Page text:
This is all well and good, but the pairing of “warrior”and “servant” is a dangerous one. Is not, then, Silentio’s argument justification for religious violence? If we are to do everything God tells us, even at the expense of our ethical code, and we are also to admire the “knight of faith,”a warrior, what is there to prevent any number of violent acts committed at the behest of God? Is Silentio all for a God who would command his knights of faith to carry out the crusades? I think it best to return to Silentio’s earlier description of the knight of faith as being a man possessing of “the passion to concentrate in one single point the whole of the ethical that he violates, in order that he may give himself the assurance that he actually loves Isaac with his whole soul.”Generally, Silentio maintains a natural separation between his discussion of the knight of faith as a category and the specific example of Abraham, an exemplar of that category. However, here he does not, instead mixing Isaac into a general description of the knight of faith and thereby clarifying that the case of Isaac and Abraham is not an anomalous extreme, but the model. If a man is not violating the ethical as encapsulated in a central point of equal importance to and equally loved by himself as Isaac was by Abraham, then he is not a knight of faith and his violation of the ethical is neither condoned nor justified. In this way, Silentio heads off any accusations that his God is the sort who might command and expect the carrying out of the crusades, for while God does expect to be obeyed when he issues commands, he only commands those capable of such passion and possessing of such a love. Abraham does not sacrifice Isaac (or intend to sacrifice him at least) as a means to an end. He does so out of and because of intense love: love for his God and powerful, all-of-the-ethical-encompassing love for his son. And therein lies the paradox.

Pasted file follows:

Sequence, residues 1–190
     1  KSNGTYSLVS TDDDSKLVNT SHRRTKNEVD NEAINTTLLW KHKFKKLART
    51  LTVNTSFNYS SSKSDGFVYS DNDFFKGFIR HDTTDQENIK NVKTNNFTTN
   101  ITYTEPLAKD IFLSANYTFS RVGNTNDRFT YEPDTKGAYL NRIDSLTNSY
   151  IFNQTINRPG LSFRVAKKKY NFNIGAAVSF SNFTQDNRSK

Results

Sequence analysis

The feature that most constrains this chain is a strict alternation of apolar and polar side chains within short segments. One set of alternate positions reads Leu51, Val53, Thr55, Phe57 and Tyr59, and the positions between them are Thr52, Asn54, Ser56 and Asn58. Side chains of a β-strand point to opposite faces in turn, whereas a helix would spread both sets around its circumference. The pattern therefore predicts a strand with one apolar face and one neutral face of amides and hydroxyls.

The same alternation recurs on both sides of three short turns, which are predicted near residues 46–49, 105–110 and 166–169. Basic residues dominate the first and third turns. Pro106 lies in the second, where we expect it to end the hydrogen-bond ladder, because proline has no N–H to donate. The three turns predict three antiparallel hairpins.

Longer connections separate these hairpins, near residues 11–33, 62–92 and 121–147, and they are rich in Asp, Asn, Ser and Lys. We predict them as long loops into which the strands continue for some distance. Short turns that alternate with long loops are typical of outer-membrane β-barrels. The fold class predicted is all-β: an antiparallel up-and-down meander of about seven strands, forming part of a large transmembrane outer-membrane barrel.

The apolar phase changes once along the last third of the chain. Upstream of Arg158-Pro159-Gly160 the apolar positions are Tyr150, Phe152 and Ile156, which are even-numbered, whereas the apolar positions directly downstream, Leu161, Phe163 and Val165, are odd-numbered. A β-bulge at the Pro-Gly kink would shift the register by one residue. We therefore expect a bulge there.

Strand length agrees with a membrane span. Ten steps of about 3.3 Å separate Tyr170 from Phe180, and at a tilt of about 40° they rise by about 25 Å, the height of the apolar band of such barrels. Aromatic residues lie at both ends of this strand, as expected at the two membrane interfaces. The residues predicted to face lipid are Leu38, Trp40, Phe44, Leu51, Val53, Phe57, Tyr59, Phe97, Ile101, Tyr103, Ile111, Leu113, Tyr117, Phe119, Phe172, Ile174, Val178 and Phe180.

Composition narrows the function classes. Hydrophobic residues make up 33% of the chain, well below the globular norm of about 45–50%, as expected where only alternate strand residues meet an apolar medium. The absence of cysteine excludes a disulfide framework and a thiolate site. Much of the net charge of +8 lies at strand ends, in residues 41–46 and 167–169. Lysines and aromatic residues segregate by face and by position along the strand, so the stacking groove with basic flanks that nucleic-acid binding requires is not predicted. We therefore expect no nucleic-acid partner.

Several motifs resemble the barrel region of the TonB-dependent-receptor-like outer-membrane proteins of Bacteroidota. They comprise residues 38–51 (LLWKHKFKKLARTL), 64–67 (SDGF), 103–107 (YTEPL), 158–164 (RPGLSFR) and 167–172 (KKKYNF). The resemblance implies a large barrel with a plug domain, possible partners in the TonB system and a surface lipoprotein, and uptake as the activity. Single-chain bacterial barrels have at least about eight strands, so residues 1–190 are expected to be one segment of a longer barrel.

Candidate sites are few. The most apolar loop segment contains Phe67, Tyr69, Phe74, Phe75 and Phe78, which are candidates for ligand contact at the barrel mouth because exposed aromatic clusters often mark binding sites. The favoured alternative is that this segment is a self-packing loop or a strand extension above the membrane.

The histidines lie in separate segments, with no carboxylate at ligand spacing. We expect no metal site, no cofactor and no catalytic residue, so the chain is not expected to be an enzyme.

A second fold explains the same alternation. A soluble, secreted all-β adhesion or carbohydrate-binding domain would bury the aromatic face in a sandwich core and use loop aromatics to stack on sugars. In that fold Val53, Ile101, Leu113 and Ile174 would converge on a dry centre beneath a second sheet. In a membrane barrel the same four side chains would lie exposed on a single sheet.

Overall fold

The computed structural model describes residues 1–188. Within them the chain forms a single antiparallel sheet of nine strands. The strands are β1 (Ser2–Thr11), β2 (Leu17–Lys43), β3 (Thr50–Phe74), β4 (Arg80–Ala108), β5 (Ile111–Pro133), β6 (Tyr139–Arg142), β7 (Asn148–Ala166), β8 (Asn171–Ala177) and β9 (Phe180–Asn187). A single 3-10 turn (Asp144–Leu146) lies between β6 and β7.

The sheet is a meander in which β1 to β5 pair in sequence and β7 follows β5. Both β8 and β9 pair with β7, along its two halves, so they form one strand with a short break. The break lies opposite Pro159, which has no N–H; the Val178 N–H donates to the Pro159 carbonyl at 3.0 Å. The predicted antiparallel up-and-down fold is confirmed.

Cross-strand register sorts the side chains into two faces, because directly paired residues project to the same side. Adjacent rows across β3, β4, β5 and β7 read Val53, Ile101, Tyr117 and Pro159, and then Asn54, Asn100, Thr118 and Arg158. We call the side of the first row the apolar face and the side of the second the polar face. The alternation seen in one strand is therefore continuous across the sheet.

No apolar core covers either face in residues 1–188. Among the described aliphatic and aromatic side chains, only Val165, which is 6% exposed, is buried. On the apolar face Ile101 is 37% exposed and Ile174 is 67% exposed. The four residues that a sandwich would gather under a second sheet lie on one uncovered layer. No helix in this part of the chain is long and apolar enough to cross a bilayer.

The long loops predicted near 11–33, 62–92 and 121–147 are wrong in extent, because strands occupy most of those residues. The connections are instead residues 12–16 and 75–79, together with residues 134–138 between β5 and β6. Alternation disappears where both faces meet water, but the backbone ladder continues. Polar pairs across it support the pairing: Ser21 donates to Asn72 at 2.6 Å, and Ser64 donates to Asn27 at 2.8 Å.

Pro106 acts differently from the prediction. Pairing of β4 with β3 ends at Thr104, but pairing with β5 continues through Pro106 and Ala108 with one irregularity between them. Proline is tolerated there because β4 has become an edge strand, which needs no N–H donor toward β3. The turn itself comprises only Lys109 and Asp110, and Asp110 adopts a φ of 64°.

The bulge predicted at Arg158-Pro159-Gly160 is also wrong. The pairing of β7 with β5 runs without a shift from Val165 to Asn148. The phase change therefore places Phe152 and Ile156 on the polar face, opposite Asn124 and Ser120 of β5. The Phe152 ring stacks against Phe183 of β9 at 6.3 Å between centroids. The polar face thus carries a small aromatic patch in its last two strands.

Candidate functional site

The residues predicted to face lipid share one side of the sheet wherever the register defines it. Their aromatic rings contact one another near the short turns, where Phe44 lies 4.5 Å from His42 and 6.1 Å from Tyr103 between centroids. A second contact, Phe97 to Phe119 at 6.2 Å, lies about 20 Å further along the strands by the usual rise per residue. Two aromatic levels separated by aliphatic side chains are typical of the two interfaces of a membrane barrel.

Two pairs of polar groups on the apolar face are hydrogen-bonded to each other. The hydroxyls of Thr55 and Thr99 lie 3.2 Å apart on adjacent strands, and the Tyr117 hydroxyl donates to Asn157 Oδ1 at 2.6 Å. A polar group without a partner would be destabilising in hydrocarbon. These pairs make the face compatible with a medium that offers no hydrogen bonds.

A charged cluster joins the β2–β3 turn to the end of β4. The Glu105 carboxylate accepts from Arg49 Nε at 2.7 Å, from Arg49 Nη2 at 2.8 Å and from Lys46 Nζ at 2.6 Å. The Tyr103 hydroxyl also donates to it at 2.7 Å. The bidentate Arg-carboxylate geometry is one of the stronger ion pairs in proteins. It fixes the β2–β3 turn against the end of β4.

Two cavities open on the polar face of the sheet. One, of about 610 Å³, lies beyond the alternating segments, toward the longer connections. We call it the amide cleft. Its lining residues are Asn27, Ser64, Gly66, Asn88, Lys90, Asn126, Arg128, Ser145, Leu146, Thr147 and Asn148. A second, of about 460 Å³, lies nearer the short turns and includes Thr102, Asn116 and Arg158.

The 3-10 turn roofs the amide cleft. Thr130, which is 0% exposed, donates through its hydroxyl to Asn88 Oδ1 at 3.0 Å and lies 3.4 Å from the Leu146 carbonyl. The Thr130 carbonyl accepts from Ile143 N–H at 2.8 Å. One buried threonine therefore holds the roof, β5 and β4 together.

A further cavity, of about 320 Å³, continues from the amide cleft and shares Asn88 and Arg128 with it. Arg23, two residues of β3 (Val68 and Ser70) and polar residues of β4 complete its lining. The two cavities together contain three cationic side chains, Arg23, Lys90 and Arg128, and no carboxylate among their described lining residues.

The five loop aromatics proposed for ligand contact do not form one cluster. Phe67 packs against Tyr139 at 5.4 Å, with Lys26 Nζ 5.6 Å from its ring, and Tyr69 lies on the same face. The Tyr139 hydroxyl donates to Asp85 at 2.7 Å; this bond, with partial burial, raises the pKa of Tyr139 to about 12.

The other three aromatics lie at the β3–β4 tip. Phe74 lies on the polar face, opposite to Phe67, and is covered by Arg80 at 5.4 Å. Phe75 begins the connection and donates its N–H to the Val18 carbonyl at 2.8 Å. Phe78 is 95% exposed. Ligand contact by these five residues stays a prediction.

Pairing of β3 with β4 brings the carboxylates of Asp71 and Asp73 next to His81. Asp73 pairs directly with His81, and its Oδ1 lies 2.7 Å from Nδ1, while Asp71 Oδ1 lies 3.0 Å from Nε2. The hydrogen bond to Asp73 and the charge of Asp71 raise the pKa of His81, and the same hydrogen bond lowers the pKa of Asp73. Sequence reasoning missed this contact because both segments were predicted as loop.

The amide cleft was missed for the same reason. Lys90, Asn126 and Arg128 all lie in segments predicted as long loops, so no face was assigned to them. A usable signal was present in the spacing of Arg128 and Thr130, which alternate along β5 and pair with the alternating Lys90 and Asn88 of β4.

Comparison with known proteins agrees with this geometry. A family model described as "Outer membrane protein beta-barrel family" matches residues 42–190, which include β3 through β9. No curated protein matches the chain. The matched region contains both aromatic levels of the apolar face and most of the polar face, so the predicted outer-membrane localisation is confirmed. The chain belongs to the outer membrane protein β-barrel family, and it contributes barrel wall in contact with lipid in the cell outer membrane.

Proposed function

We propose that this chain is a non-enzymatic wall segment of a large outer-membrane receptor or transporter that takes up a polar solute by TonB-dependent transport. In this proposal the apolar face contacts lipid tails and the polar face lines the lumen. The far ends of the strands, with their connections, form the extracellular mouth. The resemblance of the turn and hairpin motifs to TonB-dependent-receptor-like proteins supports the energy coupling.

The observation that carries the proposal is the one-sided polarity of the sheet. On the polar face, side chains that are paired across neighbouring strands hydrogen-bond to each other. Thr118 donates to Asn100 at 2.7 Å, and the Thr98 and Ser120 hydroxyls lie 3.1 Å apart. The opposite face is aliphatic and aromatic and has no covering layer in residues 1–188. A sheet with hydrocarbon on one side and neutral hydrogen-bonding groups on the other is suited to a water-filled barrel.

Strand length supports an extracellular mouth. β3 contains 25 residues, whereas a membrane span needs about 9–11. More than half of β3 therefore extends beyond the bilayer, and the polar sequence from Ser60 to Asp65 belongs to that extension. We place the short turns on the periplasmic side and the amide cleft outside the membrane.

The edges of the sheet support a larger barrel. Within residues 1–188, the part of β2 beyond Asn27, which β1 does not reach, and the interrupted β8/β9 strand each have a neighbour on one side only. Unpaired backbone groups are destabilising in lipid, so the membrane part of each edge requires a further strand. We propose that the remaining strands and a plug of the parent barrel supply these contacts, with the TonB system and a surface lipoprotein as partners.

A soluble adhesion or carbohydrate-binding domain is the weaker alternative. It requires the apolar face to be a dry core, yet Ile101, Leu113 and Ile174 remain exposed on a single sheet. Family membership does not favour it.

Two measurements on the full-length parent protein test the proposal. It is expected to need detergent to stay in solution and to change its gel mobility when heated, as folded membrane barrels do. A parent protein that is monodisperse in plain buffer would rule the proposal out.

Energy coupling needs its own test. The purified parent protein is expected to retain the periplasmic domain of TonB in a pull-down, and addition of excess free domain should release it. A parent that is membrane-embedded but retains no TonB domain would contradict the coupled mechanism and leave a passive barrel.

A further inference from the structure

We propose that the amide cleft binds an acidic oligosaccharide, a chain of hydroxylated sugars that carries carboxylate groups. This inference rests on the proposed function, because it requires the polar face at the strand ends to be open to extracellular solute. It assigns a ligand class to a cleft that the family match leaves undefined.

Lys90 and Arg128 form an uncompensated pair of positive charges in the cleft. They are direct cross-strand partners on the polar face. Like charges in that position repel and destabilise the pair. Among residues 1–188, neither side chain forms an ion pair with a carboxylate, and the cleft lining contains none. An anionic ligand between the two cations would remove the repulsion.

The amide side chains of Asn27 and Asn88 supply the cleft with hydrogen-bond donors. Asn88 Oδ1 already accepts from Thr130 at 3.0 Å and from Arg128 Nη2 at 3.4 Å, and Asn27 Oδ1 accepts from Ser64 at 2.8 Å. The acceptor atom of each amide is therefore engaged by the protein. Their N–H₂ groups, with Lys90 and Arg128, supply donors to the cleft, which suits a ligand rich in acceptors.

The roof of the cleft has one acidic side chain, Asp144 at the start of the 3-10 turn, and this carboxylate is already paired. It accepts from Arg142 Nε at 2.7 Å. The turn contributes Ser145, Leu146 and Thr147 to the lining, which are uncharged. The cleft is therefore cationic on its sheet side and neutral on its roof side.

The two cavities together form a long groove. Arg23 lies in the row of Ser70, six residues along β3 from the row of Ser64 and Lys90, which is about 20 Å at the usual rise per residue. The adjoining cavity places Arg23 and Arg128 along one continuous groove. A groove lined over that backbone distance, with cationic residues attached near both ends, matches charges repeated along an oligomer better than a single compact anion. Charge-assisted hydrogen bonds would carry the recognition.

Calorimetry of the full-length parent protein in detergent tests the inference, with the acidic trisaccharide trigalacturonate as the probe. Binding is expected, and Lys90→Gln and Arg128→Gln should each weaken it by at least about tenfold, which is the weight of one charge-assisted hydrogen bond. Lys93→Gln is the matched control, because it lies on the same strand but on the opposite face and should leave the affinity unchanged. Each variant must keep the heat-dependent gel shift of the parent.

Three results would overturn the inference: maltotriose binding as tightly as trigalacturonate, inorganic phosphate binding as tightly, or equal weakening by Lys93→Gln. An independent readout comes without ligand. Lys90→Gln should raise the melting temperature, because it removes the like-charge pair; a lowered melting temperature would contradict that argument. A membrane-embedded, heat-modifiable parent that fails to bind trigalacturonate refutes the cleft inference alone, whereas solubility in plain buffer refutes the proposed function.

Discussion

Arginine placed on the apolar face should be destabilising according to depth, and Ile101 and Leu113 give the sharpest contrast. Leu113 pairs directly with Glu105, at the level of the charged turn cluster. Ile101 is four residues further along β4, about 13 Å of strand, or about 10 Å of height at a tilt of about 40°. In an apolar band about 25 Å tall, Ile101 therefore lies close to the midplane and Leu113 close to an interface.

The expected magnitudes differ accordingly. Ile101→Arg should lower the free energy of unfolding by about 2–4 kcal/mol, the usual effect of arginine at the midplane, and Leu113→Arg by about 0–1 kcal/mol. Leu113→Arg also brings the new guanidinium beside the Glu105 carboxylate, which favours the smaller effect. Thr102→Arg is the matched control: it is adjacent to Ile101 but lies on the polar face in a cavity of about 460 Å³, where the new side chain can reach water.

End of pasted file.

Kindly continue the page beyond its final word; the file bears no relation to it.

However, all of this—Silentio’s argument that God demands unconditional, unquestioning obedience and faith in this God is reliant upon the paradox of proving love for God by the willingness to sacrifice something loved wholly and desperately at his request—is entirely dependent on one assumption on Silentio’s part: that Abraham loved Isaac truly and deeply. As Silentio himself points out, “if [Abraham] actually hates Isaac, he can rest assured that God does not demand [this sacrifice] of him”(31) and Silentio takes the fact that God asked Abraham to sacrifice Isaac as proof enough. However, is this proof enough? Did Abraham love Isaac? For Silentio, it appears to be more of a given than anything else, a simple fact of the story of Abraham and Isaac and one not worth addressing. Abraham loved Isaac because Isaac was his son and a gift from God. But is it love to lead one’s son up a mountain, bind him to an altar, and allow him to think one is about to kill him? Even if Abraham had known that the moment of reprieve would come, he would still have tortured his son most cruelly with the belief that his own father was willing to and capable of killing him. Is that love? Can that be an example of the intense love that Silentio holds the sacrifice of which is worthy of a teleological suspension of the ethical? Maybe for Silentio that is what love looks like, but I am not so sure. If there is love there, it can only be the love of possession and not true love which includes Isaac as a person. And if this is not love, then Silentio’s whole case crumbles. We would not need to admire Abraham; he would, after all, be a murderer and no teleological suspension of the ethical would necessary.
The Isaac of Caravaggio’s scene certainly appears to be in torment as his father pins him down, cruelly paying no heed to his son’s obvious pain and distress. Is this a portrait of a father who loves his son? Or is it one of a would-be murderer? I think Caravaggio would agree with my reservations about Silentio’s assumption of Abraham’s love for Isaac.
Kierkegaard, Soren. “Fear and Trembling.” 7-39. Rpt. in Basic Writings of Existentialism. Ed. Gordon Marino. New York: Modern Library, 2004. Print.